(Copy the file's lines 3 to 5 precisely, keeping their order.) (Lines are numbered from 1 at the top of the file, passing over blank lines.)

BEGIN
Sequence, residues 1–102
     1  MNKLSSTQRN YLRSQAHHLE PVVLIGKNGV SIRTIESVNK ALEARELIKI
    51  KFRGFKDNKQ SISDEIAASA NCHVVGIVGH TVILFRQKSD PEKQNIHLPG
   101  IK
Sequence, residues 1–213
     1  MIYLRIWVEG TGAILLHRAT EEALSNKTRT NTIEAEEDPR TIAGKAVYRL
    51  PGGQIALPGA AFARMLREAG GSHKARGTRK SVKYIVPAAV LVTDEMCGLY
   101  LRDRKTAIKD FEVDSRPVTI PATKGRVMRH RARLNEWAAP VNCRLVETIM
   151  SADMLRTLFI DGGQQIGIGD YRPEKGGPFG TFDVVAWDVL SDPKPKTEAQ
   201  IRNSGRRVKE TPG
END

    51  KFRGFKDNKQ SISDEIAASA NCHVVGIVGH TVILFRQKSD PEKQNIHLPG
   101  IK
Sequence, residues 1–213